People approach music with different sets of ears. Many listen for a pleasing melody or a danceable beat. Others seek out artists who push boundaries or sport fancy chops. While I can appreciate those things, and many others, if I had to pick a single feature that truly makes me fall in love with a band or a musician, it would be what I call ease.
It was hardly a surprise that I came across the NYC-based Swearin’s six-song 2011 demo, What a Dump — I’ve had varying degrees of friendships with three of the four band members and own numerous records from their previous bands. But since they’re friends, it was a relief to be able to say that I honestly liked it. The music is melancholy pop-punk in the lineage of bands like Jawbreaker and Superchunk, and the demo was clearly the mixture of lead singer-guitarist Allison Crutchfield, formerly of the delightfully haphazard heartbreakers P.S. Eliot, and guitarist-singer Kyle Gilbride, formerly of ’90s-alt-rock-inspired punks Big Soda. Bassist Keith Spencer comes out of the screams and grinding riffs of his former band Bad Blood, although that influence on the band is more subtle.
But with each listen I began to get the impression that some unknown element was definitely making Swearin’ greater than the sum of its parts.
The unknown element quickly revealed itself the first time I saw Swearin’ play live. In the dozens of shows I’d seen featuring members of Swearin’ in various bands, I had never seen them all seem so at home. Drummer Jeff Bolt visibly had a comfort level in his playing — watching him drum, a light smile never leaving his lips, it would be easy to assume anyone could do what he was doing. He had the grace of a finely trained dancer. It was fun. It was effortless. It was infectious. He had caught up the rest of the band in that feeling and created a collective ease. It undeniably came through in the sounds they were creating together, even if the music itself is uneasy.
So even in its first few months of existence, Swearin’ already looked and sounded less like a young band and more like weathered friends able to tell each other’s stories just as well as their own. But that feeling didn’t end with the people playing the music — it also touched me. I felt as though I had known this band for a long time.
Swearin’s new self-titled debut album delivers on the promise of the demo. Kyle and Allison’s bittersweet melodies are as good as ever. The rhythm section’s effortless groove never falters. The lead guitar lines practically force you to sing along. The recording quality is refreshingly good — a lot of DIY punk bands seem to approach the recording of their first album as nothing more than an extended demo — and the occasional sonic flourishes never get in the way of the songs.
And yet while all the hallmarks of the demo reappear, it’s great to see, right from the first notes of the record, that Swearin’ are ready to head into new territory. The opener “1,” starts us off with a cacophony of instruments that appear to be playing at the same time, but not together. The sound is jarring and definitely not expected. But almost before you can perceive what has just happened, everything locks up, Allison’s vocals come soaring in, and you have just landed in a perfect pop song. And then, not even a minute into the album, Jeff lays into a massive snare roll that seems as though it should conjure up tense muscles, dripping sweat, and clenched teeth but instead makes me think of drinking a cold beer with friends while watching the sun set on a hot summer day. The last notes of “1” segue right into “Here to Hear.” The song hits with what should be a heavy guitar riff but again, it instead breathes cool. It’s as if the riff had been written during high school angst but rediscovered and played again years later during a somewhat more promising time.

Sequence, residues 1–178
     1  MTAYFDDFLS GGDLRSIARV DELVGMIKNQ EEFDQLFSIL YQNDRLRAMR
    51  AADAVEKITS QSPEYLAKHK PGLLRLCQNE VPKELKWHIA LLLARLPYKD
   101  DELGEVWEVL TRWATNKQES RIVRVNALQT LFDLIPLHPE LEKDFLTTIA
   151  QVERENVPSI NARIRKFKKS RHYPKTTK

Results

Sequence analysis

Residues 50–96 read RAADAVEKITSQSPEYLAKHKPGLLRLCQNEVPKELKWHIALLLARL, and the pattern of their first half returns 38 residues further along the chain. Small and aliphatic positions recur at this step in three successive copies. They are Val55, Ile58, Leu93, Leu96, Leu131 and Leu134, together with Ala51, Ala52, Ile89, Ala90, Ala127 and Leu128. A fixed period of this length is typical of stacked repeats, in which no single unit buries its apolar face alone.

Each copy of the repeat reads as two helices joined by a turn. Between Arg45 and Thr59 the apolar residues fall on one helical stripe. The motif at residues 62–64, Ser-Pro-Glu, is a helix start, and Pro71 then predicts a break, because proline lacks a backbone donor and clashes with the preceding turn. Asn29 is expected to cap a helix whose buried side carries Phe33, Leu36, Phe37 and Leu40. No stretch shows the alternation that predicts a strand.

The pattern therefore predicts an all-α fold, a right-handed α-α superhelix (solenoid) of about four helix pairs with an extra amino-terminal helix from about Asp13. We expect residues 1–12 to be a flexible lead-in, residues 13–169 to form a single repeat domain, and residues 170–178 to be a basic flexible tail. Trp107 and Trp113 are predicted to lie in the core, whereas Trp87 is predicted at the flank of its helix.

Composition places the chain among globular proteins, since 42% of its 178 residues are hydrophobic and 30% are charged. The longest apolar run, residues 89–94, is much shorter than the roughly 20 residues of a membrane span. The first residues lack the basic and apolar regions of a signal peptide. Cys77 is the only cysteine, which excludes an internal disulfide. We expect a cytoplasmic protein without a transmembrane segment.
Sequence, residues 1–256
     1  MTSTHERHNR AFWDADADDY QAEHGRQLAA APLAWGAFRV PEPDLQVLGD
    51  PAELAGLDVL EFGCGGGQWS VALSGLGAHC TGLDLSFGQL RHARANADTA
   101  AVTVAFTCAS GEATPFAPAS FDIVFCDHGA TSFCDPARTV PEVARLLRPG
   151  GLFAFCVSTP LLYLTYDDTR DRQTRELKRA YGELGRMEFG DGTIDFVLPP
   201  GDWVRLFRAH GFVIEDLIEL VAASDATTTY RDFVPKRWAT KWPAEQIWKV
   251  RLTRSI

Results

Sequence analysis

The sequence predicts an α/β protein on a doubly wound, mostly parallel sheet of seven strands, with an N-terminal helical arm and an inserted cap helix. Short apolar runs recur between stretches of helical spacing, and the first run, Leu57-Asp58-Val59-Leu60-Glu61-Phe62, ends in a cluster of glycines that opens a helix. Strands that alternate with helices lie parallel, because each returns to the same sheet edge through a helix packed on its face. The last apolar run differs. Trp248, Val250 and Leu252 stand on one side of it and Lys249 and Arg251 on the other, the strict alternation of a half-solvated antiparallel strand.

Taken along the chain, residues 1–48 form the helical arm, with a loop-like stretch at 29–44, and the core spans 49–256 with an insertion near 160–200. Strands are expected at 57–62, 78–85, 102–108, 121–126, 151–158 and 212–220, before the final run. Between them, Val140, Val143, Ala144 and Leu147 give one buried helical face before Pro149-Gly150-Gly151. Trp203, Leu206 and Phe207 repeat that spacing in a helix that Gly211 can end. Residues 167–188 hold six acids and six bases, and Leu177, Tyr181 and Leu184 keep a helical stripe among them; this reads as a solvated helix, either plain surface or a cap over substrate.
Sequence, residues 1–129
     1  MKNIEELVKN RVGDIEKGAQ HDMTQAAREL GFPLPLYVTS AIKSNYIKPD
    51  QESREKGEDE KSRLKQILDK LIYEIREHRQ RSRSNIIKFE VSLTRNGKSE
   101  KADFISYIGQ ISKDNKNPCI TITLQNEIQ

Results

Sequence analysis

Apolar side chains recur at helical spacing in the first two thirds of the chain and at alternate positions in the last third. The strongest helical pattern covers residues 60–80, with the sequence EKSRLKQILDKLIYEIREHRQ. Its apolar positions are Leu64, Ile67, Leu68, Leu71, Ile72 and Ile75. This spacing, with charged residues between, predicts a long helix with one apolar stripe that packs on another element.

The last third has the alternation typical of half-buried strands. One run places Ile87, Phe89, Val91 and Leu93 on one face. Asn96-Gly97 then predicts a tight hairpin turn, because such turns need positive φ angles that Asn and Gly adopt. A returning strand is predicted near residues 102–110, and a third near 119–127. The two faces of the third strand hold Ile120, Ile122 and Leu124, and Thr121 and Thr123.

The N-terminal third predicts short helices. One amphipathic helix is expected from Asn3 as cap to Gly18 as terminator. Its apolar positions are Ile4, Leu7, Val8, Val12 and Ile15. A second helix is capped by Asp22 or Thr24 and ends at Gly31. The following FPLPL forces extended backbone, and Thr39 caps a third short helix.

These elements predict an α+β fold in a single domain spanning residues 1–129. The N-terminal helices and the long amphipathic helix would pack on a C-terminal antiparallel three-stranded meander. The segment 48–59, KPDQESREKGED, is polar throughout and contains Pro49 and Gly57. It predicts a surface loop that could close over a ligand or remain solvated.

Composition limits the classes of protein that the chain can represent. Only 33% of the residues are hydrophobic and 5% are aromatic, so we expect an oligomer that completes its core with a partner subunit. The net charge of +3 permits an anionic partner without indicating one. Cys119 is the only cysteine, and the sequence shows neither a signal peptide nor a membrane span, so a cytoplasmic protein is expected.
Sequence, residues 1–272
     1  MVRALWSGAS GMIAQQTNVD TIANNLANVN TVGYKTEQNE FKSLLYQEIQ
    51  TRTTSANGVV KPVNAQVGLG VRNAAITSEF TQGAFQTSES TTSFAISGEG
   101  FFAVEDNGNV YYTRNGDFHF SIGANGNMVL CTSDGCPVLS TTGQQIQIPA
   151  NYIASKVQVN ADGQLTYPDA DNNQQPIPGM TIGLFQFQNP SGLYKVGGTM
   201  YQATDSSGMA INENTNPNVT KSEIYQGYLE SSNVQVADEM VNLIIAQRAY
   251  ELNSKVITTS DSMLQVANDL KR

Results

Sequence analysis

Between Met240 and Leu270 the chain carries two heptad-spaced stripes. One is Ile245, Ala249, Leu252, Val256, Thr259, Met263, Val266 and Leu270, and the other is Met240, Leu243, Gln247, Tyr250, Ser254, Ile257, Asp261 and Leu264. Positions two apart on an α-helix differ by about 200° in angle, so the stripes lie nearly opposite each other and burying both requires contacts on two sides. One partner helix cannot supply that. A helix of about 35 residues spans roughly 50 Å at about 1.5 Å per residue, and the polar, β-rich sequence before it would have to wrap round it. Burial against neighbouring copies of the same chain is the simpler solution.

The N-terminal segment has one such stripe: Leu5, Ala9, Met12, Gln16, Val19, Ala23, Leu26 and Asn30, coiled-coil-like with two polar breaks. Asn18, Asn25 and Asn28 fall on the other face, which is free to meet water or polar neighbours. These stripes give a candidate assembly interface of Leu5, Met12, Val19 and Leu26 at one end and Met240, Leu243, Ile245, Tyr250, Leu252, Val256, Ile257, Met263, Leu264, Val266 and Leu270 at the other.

The third track, “Kenosha,” chugs ahead while Allison delivers a subdued melody that puts me on the edge of my seat every time I hear it. It hints at an uncontrollably approaching anthem of a chorus. But right as the song gets to that chorus, it simply… stops. The three seconds of unhurried silence before the chorus finally explodes is the most ostentatious display of coolness I could ever imagine.
The album continues with mid-tempo jams such as “Fat Chance” and the lo-fi “Divine Mimosa,” the synced-up accents of “Hundreds and Thousands” and “Crashing,” and the male/female vocal exchange of “Just.” Then right near the end, it again enters new territory for the band with the, dare I say, hardcore riffs of “Kill ‘Em with Kindness” and the guitar-and-vocal-only ballad “Empty Head.” The album closer “Movie Star” ends with much of the same unexpected jarring cacophony that the record begins with.
Swearin’ never lose their effortless cool, regardless of their tempo or style. That’s why they have that elusive and much sought-after thing: a sound. Creating a sound that’s mostly based on the chemistry between the players, rather than the kind of music they’re playing, is a rare thing indeed. It creates the potential for many years of worthwhile music. It’s incredibly rewarding for me as a fan to hear people I’ve known for years find a musical relationship founded on ease. It’s so obvious to me that they have it. I hope they realize it too.